A handful of indebted farming families in Banteay Meanchey province have lost farmland and cattle, while 27 others are appealing for help to replay loans to five mi-crofinance institutions, a number that is likely to grow, local officials said Tuesday.
Pat Seum, chief of Thmar Puok district’s Kouk Kathin commune, said that, in the last two years, 140 families, almost 10 percent of the residents in nine local villages, have taken micro-loans of $150 to $1,500 from lenders such as Hattha Kakse-kar, Sathapana and Acleda Bank.
Two families in the past few months have fled to Thailand because they are unable to pay and have seen livestock and four hectares of land seized and auctioned by local officials to repay their debts.
Earlier this week two micro finance lenders seized a cow and a motorcycle, Mr Seum claimed, adding that a further 27 families are completely unable to pay their loans and this number is expected to grow in the coming month.
“I speak honestly. I am not blaming these microfinance institutions,” said Mr Seum, adding that the loans were made at between 2.5 and 3 percent interest.
“My people do not intend to flee their debt. They just need the lenders to understand their hardship by delaying the time for payment,” he said.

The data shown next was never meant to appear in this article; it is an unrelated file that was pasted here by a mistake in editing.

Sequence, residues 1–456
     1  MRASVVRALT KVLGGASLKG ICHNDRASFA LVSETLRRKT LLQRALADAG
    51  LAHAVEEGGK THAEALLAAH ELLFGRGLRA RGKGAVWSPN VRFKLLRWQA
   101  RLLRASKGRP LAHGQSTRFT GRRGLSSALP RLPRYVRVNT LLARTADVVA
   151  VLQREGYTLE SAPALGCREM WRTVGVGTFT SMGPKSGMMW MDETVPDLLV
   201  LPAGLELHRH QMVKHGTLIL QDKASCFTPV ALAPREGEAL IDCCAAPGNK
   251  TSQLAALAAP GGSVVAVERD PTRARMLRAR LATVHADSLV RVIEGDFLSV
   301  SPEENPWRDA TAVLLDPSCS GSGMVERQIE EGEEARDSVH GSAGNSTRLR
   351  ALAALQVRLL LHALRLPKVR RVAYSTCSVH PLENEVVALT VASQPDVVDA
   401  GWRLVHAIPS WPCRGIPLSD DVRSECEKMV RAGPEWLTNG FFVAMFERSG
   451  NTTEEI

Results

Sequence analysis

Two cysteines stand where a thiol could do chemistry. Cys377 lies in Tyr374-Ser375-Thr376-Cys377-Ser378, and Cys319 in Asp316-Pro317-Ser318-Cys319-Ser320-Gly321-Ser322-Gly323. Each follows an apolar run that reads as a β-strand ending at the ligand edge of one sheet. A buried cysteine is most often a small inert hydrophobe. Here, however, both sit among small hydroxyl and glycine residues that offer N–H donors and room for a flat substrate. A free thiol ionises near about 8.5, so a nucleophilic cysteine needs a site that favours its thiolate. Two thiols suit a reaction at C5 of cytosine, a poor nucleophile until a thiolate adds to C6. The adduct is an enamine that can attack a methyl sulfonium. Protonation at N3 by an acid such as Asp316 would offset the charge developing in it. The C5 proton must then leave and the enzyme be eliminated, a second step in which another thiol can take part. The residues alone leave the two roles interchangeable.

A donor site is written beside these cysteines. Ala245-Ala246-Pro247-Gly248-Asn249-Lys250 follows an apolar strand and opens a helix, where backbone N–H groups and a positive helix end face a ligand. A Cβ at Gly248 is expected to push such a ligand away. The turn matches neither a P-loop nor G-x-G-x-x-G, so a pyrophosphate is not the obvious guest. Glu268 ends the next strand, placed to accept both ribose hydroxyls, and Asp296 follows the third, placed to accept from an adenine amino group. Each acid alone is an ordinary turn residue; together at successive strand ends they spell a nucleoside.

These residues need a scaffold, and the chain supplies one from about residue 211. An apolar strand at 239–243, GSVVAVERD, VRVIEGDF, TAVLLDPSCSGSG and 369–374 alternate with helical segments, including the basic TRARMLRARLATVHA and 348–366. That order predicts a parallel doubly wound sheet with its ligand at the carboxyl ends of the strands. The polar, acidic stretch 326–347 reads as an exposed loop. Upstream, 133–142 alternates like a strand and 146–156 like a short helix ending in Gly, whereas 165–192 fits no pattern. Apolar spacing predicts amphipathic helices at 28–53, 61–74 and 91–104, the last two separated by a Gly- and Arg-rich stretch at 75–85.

Chou Tao, a farmers’ representative in Banteay Meanchey, said Thursday that late payments of loans were on the rise as most farmers had invested in cassava.
Because of the global economic crisis, and the recent drop of cassava prices to as little as 80 riel, or $0.02, per kilogram, many local farmers are facing bankruptcy, he said.
“Now the cassava market is worthless,” he said. “Villagers are leaving their cassava in their farms because if they harvest it, there are no buyers.”
The National Bank in 2007 urged commercial banks to support microfinance institutions to help lift families out of poverty. However the share of loans seeing late payments has tripled to 3 percent since last year, according
to the Cambodia Microfinance Association.
In Channy, president of Acleda Bank, denied that his bank had been involved in any seizures of property.
“We do not have the obligation to auction borrowers’ property, only the court,” he said, adding that micro-loans are often extended to groups, not individuals.
Cambodia Microfinance Assoc-
iation Chairman Huot Ieng Tong, also director of Hattha Kaksekar micro finance lender, said he too was unaware of any seizures by his micro bank. However he said delaying loan payments was “impossible.”
“Everyone should be proud of these people who have the will to repay their loans,” he said.
Mr Seum said Thursday that he was personally too poor to cover the overdue loans in his commune and that the lenders should consider rescheduling the payments.
“If they disagree, it seems as though they are providing loans just to seize property from people when the economy is in decline,” he said.